But... let's saying dancing in front of a mirror for example, exhausts the fuk out of me.

I don't know why!

Maybe the reason is obvious... but I'm not as dissociating when looking at it, I guess I am dissociating but in a different, having coped, kind of way, that is milder,


being a person and talking and dancing while seeing my reflection leaves me after with such an exhaustion as if I went on a hike


does anyone else with chronic dpdr relate?

does anyone else feel like they're weirdly stuck in that aspect?

#617856 The life-changing power of words : Kristin Rivas at TedxRainier

Posted by ReiTheySay on 15 May 2020 - 07:19 PM



It was such an important trait of how my mind worked - treating memories in non-linear way, but rather as nodes within a mesh, playing them simultaneously over and over again



This is so interesting. treating memories in non-linear way..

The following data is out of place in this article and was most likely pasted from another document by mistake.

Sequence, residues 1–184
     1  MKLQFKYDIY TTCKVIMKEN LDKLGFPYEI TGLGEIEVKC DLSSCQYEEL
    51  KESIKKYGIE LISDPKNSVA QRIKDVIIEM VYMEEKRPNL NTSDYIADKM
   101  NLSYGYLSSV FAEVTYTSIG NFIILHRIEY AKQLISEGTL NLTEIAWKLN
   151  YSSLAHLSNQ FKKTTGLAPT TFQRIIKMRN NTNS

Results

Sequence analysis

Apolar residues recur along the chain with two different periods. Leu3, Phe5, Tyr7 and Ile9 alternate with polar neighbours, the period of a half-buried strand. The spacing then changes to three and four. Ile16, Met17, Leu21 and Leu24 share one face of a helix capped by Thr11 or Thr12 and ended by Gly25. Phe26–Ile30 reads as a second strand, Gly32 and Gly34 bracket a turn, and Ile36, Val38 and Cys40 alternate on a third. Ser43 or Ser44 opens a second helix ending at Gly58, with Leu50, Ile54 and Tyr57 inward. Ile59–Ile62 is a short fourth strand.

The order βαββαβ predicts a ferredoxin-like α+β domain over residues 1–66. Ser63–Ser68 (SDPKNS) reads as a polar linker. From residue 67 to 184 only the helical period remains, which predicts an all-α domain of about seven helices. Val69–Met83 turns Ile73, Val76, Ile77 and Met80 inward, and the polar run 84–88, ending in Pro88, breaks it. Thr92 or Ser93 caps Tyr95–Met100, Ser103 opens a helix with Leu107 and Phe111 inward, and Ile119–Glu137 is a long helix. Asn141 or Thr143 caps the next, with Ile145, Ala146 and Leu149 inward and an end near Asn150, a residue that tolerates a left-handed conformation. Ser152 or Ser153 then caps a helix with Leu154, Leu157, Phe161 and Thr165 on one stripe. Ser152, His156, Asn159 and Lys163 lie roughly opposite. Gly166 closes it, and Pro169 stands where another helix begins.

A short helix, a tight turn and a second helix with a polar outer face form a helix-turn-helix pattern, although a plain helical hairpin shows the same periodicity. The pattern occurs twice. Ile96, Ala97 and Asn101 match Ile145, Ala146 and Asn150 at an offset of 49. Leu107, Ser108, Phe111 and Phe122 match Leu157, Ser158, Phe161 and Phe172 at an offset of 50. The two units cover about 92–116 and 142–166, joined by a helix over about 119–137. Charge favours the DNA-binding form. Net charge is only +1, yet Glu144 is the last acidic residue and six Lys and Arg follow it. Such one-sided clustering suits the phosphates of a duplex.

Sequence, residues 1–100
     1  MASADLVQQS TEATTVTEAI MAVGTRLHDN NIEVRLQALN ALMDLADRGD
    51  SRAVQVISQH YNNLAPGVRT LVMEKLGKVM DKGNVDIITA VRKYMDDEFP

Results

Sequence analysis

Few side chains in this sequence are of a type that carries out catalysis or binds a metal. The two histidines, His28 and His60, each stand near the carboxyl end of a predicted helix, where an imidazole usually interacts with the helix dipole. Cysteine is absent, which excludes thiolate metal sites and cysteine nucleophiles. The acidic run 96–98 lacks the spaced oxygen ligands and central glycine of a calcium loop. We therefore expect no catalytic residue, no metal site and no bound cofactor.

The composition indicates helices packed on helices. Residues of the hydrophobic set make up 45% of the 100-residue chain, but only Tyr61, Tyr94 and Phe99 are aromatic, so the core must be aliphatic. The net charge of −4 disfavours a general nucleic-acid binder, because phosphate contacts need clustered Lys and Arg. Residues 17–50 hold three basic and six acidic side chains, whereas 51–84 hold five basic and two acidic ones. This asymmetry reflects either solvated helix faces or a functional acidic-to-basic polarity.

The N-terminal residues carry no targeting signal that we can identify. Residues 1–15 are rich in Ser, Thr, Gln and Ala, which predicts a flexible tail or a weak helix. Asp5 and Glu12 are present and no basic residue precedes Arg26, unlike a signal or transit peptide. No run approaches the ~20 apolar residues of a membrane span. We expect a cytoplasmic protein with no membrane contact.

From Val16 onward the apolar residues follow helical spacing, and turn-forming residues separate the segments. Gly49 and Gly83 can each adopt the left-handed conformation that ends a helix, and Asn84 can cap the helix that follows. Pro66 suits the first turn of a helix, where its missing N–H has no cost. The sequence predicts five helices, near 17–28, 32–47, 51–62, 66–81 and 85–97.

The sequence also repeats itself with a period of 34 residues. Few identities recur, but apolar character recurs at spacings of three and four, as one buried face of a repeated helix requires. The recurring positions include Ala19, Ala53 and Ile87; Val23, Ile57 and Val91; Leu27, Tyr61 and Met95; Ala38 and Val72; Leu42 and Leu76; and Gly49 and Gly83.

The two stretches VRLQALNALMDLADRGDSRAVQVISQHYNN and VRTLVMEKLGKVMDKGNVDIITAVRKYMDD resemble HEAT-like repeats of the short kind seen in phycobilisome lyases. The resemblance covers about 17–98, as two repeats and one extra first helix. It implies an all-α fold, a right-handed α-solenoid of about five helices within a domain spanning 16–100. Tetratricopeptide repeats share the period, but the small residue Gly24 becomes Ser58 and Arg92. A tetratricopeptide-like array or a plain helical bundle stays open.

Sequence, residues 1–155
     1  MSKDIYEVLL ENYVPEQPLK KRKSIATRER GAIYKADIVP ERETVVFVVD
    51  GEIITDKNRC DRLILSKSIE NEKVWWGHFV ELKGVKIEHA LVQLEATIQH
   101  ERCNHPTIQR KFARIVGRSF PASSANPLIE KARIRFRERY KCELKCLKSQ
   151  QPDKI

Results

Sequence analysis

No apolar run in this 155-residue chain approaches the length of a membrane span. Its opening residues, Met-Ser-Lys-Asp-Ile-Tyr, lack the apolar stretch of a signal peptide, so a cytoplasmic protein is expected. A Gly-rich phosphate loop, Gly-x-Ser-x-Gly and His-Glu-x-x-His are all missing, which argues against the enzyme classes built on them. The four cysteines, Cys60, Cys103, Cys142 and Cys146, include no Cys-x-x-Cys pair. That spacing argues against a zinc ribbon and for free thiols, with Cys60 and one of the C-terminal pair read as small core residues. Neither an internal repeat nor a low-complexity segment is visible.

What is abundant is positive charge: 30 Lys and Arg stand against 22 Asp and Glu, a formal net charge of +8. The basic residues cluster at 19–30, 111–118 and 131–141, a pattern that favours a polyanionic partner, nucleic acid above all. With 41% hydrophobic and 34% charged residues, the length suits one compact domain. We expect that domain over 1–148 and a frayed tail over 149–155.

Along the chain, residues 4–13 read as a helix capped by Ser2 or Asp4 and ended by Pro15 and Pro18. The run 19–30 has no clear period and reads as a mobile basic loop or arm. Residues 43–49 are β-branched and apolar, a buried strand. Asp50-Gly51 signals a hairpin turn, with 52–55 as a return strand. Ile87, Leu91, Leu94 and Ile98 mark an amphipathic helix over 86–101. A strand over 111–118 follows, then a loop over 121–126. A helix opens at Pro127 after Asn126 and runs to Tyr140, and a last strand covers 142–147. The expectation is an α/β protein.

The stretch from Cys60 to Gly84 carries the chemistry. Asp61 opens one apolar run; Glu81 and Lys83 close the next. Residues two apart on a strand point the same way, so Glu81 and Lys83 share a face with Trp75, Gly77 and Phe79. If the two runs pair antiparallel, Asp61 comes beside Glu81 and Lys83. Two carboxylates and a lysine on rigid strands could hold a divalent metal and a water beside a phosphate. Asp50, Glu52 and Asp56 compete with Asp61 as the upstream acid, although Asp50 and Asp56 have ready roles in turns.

Thanks for sharing this.



I might go back to the video when I feel like I can watch it, and share my thoughts. Thanks for sharing, Phantasm. 

#608238 it seems to me that most.people who suffer from dp/dr are caucasian

Posted by ReiTheySay on 22 October 2019 - 11:58 AM

you know how black people r mostly athletic.. not to be racist but its kinda true.. back in the day breeding slaves and they got better athletic genes, its just facts but i think us white people, you know sitting on our asses back in the day, breeding with each other


Based on your theory, Black people would be the ones who are more likely to suffer from it then. The mental torture they went through "back in the day" will forever be indescribable and that has got to have done something to their mental health generation after the other. So if anything they would be affected the most. Also Black people are prone to high blood pressure and heart disease. Healthy body =/= strong-looking physique.